Methods and Materials

Study area and period

Jimma University teaching hospital (JUTH) is found in Jimma town, Oromia regional state, south west Ethiopia. It is 352 km south west of Addis Ababa, the capital city of Ethiopia. The department of psychiatry under JUTH was established in 1988 next to Amanuel specialized mental hospital in the country. Currently there are about 5405 follow up outpatients and the clinic officially has 26 beds for inpatient services.[43] The study was conducted from October 26 to November 24/2014.

Study design

Facility based cross-sectional study design was employed.

Population

Source population: All people with mental illness attending treatment at JUTH psychiatry clinic were considered as a source population.

Study population: All sampled people with mental illness attending treatment at JUTH psychiatry clinic were considered as a study population.

Inclusion and exclusion criteria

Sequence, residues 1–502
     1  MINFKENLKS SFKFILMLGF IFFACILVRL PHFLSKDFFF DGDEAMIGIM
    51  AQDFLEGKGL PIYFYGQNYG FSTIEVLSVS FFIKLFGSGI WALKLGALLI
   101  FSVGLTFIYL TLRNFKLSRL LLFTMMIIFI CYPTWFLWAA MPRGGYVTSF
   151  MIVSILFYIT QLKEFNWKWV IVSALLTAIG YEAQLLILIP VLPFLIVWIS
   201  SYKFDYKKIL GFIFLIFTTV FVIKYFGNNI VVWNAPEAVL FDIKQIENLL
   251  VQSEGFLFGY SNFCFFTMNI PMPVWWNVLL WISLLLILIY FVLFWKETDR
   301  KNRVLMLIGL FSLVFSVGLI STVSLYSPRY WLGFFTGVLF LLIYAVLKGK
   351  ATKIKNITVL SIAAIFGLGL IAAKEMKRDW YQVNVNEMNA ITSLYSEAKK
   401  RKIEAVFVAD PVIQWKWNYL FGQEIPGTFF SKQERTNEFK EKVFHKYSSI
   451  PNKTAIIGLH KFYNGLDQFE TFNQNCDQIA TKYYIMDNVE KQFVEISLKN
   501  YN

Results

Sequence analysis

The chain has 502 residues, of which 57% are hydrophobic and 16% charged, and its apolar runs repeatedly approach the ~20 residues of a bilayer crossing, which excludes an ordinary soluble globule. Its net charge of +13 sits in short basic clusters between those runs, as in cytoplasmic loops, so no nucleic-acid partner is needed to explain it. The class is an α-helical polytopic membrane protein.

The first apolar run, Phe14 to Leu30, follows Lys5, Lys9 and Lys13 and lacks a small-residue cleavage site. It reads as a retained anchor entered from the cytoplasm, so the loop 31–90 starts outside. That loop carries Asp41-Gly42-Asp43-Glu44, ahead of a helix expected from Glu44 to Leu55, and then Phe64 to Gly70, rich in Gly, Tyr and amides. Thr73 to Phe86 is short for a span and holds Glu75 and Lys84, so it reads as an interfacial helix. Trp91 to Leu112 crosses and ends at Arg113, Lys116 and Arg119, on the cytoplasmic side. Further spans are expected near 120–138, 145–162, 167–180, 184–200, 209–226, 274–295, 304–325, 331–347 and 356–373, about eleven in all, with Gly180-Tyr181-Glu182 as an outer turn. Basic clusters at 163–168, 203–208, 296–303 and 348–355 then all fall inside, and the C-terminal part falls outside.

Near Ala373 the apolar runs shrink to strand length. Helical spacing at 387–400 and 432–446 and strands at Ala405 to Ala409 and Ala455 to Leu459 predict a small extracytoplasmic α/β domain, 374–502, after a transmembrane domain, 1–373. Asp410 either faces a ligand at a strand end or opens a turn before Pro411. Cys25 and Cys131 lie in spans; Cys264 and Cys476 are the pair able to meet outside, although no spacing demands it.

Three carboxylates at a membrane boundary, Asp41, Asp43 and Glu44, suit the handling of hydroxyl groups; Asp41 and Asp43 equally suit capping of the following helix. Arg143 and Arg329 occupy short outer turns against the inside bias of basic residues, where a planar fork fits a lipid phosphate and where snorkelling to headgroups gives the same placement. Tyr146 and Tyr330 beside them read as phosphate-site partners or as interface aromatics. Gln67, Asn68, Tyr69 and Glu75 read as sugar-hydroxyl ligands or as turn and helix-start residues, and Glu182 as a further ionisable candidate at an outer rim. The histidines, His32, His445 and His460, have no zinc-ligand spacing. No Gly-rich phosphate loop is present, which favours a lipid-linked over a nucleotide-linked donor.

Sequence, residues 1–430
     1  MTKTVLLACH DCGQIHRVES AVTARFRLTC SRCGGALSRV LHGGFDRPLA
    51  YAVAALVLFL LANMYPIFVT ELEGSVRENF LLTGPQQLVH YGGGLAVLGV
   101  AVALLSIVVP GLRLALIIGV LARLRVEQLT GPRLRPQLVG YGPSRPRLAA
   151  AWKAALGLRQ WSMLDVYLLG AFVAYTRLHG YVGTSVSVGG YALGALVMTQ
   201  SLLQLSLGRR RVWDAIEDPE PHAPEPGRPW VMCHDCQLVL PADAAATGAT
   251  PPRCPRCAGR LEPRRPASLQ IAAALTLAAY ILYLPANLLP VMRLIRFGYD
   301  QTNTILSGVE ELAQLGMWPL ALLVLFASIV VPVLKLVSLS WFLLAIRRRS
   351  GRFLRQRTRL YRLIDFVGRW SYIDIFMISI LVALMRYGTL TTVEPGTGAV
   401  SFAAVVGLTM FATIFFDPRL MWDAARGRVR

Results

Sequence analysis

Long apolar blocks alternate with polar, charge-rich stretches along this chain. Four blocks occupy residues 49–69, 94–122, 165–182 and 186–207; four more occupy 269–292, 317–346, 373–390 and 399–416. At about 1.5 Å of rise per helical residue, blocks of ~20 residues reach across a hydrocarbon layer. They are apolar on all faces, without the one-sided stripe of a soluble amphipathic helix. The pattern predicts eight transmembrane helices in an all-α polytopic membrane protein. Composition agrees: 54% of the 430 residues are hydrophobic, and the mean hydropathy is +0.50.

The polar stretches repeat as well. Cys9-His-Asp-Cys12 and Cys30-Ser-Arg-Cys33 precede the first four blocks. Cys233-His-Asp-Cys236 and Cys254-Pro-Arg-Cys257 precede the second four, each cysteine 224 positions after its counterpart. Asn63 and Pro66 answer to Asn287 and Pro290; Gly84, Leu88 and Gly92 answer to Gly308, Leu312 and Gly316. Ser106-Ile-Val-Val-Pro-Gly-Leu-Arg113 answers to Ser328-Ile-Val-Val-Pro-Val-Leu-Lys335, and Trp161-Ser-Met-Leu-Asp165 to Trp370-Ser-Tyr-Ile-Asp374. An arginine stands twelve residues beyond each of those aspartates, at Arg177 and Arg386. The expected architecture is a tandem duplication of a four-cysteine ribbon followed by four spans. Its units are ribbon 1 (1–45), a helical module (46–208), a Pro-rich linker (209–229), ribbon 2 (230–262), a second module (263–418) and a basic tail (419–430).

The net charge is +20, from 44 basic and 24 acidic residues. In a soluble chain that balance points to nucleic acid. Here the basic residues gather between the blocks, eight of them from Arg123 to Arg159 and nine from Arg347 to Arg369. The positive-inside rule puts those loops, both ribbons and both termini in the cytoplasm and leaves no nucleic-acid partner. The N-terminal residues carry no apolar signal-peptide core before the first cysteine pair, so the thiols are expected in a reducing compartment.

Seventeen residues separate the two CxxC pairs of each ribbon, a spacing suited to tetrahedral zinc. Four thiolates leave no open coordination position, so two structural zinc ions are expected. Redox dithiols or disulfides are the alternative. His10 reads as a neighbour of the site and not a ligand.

Inclusion criteria: All adult people with mental illness who were attending the outpatient treatment at JUTH psychiatry clinic during data collection period were included in the study.

Exclusion criteria: Severely ill and those having cognitive, communicating and hearing problems were excluded.

Sample size determination and sampling procedures

Sample size determination: The sample size was determined by using single population formula assuming the prevalence of suicidal ideation and attempt among psychiatry outpatients was 64.8% and 19.2% respectively at a study done in University of Gondar specialized hospital, North West Ethiopia28 with 5% marginal of error, 95% confidence level of certainty and alpha 0.05. Based on this the actual sample size was determined by taking 64.8% for large sample size using single population proportion formula. New patients who come were included so correction formula was not necessary because the total population (N) was unpredictable. Adding 10% for non-response rate, therefore the total sample size was 385.

Sampling technique and procedures: All patients coming to JUTH psychiatry clinic during data collection period were included in the study by using consecutive sampling technique until the required sample size was achieved.

Study variables

Dependent variables: Status of suicidal behaviours.